The disease is described as a major threat to the red squirrel population
The survival of red squirrels at a reserve in Merseyside is under threat from a deadly virus carried by the more common grey squirrel.
At least 30 animals in and around the Formby Squirrel Reserve, near Southport, have died from Squirrel Pox Virus since November.
Staff and volunteers are on alert and search the woods looking for sick animals to stop the disease spreading.
Anyone who sees a sick or dead red squirrel is asked to call the reserve.
When red squirrels are infected, they become lethargic and develop scabs and lesions around their mouth and eyes, staff said.
Treatment is said to be difficult and is rarely successful.
Andrew Brockbank, the National Trust's property manager at Formby, said: "It is six months since the first reports of a red squirrel showing signs of squirrel pox virus, in a private garden close to the Formby reserve.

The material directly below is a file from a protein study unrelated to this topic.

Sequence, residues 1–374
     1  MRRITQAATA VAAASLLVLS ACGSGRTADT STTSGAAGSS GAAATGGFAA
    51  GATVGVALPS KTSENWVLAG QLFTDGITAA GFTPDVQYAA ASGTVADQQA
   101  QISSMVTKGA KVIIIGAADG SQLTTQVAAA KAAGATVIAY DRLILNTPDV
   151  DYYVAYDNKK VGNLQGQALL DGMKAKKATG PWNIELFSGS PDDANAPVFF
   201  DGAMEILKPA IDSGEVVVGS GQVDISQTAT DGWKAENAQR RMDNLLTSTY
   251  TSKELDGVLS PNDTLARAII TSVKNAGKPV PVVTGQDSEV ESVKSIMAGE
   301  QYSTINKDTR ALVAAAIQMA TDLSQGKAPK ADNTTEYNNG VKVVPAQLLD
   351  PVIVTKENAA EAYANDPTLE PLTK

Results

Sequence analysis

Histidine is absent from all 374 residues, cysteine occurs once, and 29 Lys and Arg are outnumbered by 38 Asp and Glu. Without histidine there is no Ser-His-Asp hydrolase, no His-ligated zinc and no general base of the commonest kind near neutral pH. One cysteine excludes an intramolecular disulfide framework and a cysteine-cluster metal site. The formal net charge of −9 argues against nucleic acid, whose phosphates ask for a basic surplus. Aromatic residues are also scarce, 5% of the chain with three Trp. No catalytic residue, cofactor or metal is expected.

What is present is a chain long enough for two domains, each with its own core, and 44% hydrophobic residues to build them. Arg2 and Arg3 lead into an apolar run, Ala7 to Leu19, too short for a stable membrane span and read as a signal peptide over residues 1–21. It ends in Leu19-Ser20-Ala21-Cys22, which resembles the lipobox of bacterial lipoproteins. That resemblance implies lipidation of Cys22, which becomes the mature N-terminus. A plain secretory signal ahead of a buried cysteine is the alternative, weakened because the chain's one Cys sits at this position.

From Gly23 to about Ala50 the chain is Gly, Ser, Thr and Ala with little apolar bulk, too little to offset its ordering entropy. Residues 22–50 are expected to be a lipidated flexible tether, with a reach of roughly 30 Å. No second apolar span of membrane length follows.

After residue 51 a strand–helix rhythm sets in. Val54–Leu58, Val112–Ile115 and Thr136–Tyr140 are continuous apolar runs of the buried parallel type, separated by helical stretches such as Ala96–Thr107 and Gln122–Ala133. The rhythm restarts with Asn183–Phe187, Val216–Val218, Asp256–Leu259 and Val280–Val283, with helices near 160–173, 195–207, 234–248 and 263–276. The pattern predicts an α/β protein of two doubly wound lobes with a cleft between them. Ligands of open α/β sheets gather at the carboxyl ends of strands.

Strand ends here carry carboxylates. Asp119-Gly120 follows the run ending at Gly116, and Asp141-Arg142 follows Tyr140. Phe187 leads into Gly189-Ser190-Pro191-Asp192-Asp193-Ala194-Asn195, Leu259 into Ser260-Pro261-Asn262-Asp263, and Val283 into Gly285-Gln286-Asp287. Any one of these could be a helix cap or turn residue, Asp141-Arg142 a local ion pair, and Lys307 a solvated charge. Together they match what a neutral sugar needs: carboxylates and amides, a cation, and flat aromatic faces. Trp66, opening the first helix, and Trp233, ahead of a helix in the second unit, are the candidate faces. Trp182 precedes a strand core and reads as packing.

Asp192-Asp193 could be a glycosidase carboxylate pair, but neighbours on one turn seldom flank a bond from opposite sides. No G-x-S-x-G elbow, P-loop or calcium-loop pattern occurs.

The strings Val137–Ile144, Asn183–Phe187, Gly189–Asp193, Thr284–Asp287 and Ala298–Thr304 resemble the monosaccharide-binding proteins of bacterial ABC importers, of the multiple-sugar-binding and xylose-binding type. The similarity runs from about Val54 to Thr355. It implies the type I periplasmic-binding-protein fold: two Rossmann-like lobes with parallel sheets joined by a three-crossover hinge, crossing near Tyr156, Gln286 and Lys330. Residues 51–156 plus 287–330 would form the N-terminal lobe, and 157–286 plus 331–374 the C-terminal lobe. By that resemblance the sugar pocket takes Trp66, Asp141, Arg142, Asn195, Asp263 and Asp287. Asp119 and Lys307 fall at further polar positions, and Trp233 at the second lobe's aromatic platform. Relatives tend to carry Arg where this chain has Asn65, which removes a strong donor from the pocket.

"Late Spring is the time when we expect to see the emergence of kittens (young squirrels) and the next few months will be telling in terms of future prospects for the local population."
Staff and volunteers search the woodlands daily for sick red squirrels. Any sick animals found are taken to a local vet for assessment and care.
The disease is described as a long-term issue and a major threat to red squirrel populations.
Squirrel charity Red Alert said it would remain vigilant.